Dr. Baessman also reviewed a proteomics experiment involving 100 nanograms of E. coli digest with a typical 90 minute gradient at 300 nL per minute. “What you see from such a sample is quite a huge dynamic range (4–5 orders of magnitude). When I looked at the data, the most abundant peptides were in the range of 6 x 105, and you even saw the isotopes,” he said. RMS mass accuracy was good at 860 ppb, and all points were below 2 ppm; in addition the system identified 349 unique protein identifiers.

High Resolving Power

At Virgin Instruments, the focus is on developing a MALDI-TOF MS system with high resolving power. Marvin Vestal, Ph.D., CEO, remarked that “MALDI is an infant. The best is yet to come.”

So far, Virgin’s system has achieved a resolution of more than 40,000 at a 2 gigasamples per second scanning rate in the m/z range between 800 and 3,000 daltons, Dr. Vestal reported. More than 30,000 resolution is routinely achieved in the range between 200 and 600 daltons. Limitations, Dr. Vestal pointed out, are mainly the result of the time resolution of the transient digitizer using a 0.5 nanosecond channel width. “Deflecting the ions and tilting the mirror corrected the trajectory error and minimized the limitations.”

With that approach, “the dynamic range is good,” he noted, “going from 10 picomoles per microliter to 10 fentomoles per microliter. At the 100, 10, and 1 attamole level, it detects all high mass peaks.” The system uses a 102 x 108 mm sample plate, a 5 kHz laser, and a benchtop catalyst; it can analyze 100 spectra per second. The system will be fully automated for 24/7 operation with minimal maintenance.

Photek has developed a nanosecond time-resolved ion imaging system that offers 3.5 nanosecond resolution—an improvement from the previous standard 100 ns resolution—on a 25 mm working diameter.

Such a short imaging window is possible thanks to the vacuum imaging detector, which consists of two microchannel plates and a phosphor screen that gives an accurate electronic signal that corresponds to each ion event, according to James Milnes, Ph.D., research engineer. The Photek VID240 “allows easy temporal location of ion events,” Dr. Milnes noted. “The plates generate an electronic avalanche from an electron or ion input. Using the model of a sealed tube image intensifier with an input window coated in a visible light photocathode and a short laser pulse, we have been able to visually demonstrate the progression of the gating pulse across the MCP surface.”

Increasing Collision Energies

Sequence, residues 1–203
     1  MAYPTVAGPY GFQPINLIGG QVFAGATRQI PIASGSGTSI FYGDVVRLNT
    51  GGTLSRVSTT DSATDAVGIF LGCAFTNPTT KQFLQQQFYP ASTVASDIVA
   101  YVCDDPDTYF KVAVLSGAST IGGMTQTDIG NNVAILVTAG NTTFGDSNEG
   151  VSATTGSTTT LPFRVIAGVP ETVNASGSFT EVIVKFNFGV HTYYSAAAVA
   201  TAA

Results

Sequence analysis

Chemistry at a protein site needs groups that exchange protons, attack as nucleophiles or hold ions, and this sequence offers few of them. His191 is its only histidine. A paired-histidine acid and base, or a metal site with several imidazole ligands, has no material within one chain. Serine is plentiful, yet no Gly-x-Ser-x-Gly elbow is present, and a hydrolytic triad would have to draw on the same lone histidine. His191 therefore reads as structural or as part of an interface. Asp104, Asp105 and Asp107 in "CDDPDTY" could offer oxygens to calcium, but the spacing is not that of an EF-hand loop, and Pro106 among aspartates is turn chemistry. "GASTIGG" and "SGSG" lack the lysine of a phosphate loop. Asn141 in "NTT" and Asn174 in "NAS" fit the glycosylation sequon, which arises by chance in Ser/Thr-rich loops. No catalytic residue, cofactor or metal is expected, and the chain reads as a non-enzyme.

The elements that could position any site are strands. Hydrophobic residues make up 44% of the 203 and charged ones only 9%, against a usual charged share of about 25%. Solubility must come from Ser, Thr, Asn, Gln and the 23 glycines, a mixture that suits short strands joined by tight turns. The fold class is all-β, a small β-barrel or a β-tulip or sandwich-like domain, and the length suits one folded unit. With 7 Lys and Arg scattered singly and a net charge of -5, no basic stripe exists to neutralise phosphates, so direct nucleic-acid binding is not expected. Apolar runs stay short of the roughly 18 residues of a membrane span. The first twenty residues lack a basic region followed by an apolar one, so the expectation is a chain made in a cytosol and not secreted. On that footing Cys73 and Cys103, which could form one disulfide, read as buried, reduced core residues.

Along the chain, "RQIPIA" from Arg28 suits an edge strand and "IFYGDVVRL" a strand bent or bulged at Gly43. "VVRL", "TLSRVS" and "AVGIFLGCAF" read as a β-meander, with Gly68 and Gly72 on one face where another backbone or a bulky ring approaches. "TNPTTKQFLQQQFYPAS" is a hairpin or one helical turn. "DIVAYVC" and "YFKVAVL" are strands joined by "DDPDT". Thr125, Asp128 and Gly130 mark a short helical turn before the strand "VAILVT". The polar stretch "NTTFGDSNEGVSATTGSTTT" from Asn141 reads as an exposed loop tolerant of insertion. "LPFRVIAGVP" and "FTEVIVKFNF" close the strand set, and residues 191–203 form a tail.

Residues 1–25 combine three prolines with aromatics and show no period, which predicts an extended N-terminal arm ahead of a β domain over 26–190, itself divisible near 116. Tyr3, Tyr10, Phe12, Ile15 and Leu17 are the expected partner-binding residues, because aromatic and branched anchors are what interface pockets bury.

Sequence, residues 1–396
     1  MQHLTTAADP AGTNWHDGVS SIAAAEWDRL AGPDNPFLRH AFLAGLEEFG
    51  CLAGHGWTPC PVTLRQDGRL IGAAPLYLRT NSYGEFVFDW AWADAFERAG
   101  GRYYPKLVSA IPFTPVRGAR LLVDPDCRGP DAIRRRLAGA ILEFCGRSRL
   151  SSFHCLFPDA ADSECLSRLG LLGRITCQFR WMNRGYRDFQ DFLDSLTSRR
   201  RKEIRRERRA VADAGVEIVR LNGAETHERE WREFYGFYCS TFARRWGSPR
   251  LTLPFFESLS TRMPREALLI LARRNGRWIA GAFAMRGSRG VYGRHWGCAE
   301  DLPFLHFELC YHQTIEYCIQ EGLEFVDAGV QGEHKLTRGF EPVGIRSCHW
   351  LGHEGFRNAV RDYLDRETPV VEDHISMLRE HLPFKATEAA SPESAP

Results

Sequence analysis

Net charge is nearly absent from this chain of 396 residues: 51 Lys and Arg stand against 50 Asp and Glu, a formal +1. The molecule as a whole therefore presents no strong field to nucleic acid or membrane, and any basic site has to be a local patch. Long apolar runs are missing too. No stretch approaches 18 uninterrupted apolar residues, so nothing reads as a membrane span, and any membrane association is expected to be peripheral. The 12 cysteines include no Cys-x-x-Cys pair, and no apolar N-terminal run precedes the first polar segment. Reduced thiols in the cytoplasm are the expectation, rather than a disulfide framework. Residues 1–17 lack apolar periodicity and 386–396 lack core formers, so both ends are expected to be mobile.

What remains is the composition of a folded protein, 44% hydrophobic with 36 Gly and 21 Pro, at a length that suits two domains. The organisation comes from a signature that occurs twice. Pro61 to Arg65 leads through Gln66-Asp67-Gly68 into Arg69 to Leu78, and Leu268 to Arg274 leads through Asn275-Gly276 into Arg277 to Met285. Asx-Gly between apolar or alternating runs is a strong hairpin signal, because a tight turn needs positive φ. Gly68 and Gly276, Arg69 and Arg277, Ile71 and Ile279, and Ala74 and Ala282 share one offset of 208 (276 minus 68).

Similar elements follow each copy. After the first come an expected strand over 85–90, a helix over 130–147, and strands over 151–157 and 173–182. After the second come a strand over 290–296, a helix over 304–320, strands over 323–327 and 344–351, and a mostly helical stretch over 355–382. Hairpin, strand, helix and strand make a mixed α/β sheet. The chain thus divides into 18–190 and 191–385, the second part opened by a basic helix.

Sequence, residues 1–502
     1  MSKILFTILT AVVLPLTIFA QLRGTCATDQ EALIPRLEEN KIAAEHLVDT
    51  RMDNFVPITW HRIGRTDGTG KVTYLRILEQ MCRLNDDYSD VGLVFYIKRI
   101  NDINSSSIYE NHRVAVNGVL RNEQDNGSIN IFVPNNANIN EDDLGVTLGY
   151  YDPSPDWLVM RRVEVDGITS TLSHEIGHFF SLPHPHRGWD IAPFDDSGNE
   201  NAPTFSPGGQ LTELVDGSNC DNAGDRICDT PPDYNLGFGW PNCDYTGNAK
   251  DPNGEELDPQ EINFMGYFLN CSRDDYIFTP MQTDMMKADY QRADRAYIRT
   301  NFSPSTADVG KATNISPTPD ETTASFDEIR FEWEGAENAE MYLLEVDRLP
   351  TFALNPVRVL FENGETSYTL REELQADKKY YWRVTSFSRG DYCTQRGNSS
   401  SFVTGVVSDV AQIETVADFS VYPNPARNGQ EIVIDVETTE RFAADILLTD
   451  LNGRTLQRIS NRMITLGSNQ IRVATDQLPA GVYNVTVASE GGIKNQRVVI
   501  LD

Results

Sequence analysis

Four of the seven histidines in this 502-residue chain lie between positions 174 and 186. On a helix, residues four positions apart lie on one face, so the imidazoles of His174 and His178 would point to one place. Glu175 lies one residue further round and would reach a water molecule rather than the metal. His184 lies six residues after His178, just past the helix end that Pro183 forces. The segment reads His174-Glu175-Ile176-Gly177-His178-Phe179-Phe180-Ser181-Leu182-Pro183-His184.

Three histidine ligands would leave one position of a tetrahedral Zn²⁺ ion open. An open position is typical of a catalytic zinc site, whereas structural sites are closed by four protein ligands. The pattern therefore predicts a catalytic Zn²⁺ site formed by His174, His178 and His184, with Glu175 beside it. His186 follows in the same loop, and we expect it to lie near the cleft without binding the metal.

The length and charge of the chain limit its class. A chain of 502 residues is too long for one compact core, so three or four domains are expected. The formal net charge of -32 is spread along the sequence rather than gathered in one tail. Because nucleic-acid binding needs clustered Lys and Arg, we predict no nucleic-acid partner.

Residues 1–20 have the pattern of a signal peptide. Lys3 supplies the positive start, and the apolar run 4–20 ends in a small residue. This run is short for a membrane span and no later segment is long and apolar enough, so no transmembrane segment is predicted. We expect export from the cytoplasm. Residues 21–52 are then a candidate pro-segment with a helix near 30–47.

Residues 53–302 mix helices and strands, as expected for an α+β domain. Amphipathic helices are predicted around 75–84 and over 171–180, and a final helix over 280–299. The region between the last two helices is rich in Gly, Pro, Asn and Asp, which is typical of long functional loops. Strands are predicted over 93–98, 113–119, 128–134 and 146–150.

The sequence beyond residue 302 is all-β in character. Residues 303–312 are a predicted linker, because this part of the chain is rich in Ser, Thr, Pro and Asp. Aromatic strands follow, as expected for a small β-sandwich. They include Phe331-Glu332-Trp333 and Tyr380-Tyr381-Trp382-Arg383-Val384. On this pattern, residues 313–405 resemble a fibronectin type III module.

MDS Analytical Technologies has developed a method to increase collision energies from the typical limit of 200 volts per charge to up to 500 volts per charge on QqTOF systems, without modifying the hardware, according to Bruce Thomson, Ph.D., principal research scientist. Although 200 volts is ample for most fragmentations, Dr. Thomson said, the higher voltage may be helpful for fragmenting fullerenes or other stable structures, high energy peptide fragments, singly charged MALDI ions with low charge states, large protein complexes, and multiply charged protein ions.

“The collision energy in a QqTOF system is equal to the potential difference between the Q0 RF ion guide and the Q2 collision cell,” Dr. Thomson explained. So, to reach high collision energy, he used a trap-and-lift method in which ions entered the system at 360 volts. The Q2 potentials were lowered to -200 volts and the Q0 potential was raised to nearly 300 volts to trap ions in Q2 and generate a collision energy of about 500 volts. “You can also do the same sort of thing on the front end, with Q0, to generate high declustering potential by lowering Q0 to trap and then raising potential to flow ion down into Q2,” Dr. Thomson said. The methods can also be combined.

In the biodefense sector, Science & Engineering Services has developed a prototype high-throughput, automated, multiplexed assay system for atmospheric pressure MALDI/MS/MS systems to rapidly detect and identify known and unknown bioagents. According to researcher Appavu K. Sundaram, Ph.D., species identification takes only five to ten minutes from sample prep through results. The goal is to generate results in one minute with no false positives.

The system identifies multiple pathogens simultaneously and can distinguish between close relatives of the pathogens. “Environmental clutter in the sample did not affect detection and identification of the Bacillis globigii spores and bacteriiophage in the MS/MS bacteriaphage,” Dr. Sundaram said.